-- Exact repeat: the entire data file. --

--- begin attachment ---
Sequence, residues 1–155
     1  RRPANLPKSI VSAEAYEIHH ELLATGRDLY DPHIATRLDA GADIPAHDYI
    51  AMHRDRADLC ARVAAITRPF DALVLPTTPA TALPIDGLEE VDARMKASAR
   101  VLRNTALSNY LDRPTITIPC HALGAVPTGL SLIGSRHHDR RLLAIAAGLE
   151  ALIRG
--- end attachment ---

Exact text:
Sequence, residues 1–155
     1  RRPANLPKSI VSAEAYEIHH ELLATGRDLY DPHIATRLDA GADIPAHDYI
    51  AMHRDRADLC ARVAAITRPF DALVLPTTPA TALPIDGLEE VDARMKASAR
   101  VLRNTALSNY LDRPTITIPC HALGAVPTGL SLIGSRHHDR RLLAIAAGLE
   151  ALIRG